No sindhur, no mangalyasutra: netizens disapprove the Guwahati High Court order

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Protest against the Guwahati High Court order that allowed divorce in favour of the husband on account of the wife not wearing sindhur has invited a trail of protests in the social media.
The Guwahati court observed that the refusal to wear shaka (conch shell bangle) and sindoor (vermillion) as per customs by a Hindu married woman amounted to her refusal to accept the marriage. The Gauhati High Court has granted divorce to the man.
After hearing a matrimonial appeal filed by the husband, a division bench comprising Chief Justice Ajai Lamba and Justice Soumitra Saikia set aside an order of the family court which rejected his prayer for divorce on the ground that no cruelty was found committed on her by her husband.

“Her refusal to wear sakha and sindoor will project her to be unmarried and/or signify her refusal to accept the marriage with the appellant (husband). Such a categorical stand of the respondent (wife) points to the clear intention of the respondent that she is unwilling to continue her conjugal life with the appellant,” the high court said in the judgment passed on June 19.

The man and the woman had married on February 17, 2012, but they started fighting soon as she started demanding not to live along with his family members. As a consequence, the two have been living separately since June 30, 2013.
“She had lodged a police complaint against her husband and his family members accusing them of torturing her, but the allegation of subjecting her to cruelty was not sustained,” the bench said.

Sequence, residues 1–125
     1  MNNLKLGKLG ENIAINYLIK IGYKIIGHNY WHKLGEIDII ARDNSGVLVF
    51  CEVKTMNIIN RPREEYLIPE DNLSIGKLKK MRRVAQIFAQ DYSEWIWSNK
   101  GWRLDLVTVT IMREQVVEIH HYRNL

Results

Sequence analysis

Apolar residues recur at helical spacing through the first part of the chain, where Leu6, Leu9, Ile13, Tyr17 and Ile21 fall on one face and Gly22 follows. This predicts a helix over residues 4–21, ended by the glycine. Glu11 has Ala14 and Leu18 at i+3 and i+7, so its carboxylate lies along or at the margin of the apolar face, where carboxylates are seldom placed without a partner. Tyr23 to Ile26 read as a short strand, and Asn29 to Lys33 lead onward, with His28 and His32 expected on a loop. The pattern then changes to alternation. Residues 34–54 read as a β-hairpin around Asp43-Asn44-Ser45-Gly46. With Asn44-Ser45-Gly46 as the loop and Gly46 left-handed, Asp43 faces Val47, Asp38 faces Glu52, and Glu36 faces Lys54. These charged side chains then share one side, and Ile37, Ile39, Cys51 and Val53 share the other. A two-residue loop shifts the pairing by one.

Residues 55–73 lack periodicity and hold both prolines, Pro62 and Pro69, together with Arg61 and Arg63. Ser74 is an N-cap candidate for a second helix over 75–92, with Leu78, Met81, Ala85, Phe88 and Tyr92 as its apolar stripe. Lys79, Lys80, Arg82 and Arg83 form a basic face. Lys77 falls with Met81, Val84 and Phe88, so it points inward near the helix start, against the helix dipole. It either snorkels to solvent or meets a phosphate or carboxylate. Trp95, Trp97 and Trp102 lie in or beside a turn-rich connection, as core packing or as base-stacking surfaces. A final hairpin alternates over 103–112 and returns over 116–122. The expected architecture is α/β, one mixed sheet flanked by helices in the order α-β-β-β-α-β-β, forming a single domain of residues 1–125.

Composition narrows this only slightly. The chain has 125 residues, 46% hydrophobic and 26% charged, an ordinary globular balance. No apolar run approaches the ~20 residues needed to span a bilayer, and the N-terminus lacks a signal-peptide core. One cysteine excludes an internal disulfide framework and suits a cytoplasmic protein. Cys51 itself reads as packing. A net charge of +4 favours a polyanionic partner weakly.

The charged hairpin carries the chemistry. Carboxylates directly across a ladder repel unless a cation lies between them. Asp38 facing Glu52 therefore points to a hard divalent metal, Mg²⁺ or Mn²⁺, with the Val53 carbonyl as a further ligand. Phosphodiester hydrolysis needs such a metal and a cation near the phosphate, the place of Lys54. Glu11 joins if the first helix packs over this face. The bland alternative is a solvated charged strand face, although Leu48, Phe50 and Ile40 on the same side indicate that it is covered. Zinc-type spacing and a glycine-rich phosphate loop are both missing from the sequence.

“Such acts of lodging criminal cases on unsubstantiated allegations against the husband and/or the husband”s family members amounts to cruelty as held by the Supreme Court,” they said in the order.

“The family court completely ignored the fact that the woman compelled and prevented her husband from performing his statutory duties towards his aged mother under the provisions of the Maintenance and Welfare of Parents and Senior Citizens Act, 2007,” the judges said. “Such evidence is sufficient to be construed as an act of cruelty,” the order added.

Social media users are sharing photos that show them without sindoor, mangalsutra, and other traditional symbols of marriage. The flood of posts shared with the hashtag #WithoutSymbolsOfMarriage comes after the Guwahati High Court recently granted divorce to a man, ruling that his wife’s refusal to wear shakha and sindoor amounted to her refusal to accept the marriage.

Several women have shared selfies and throwback pictures from their wedding day that show them without sindoor, mangalsutra, bangles or bindis – all things that married Hindu women wear per custom.
“Bangles, sindoor, bindi and mangalsutra are not the only markers of marriage. We are beautiful and married without all this as well, Honorable High Court,” wrote one Twitter user.

In contradiction to this verdict, a Nagpur court had dismissed the sindhur and mangalya sutra as validation of wedding in 2017. A Division Bench comprising of BP Dharmadhikari and Swapna Joshi held that simply performing two rites, that of sindoor and mangalsutra, does not make a marriage valid. The Court passed this order against an order of the Family Court, Nagpur which had allowed the petition filed by respondent woman in her mid thirties seeking restoration of conjugal rights. The respondent woman was earlier married to another man and later divorced, though she continued to stay with him in the interest of her two children. Later she met the appellant and fell in love with him. The appellant ‘married’ her by putting mangalsutra and applying vermilion on her forehead before the idol of Lord Krishna. The ruling was issued on on February 16, 2017.

“Wearing vermillion, bangles or bindi is my choice,” another social media post asserted. “How does wearing or not wearing these amount to cruelty?”


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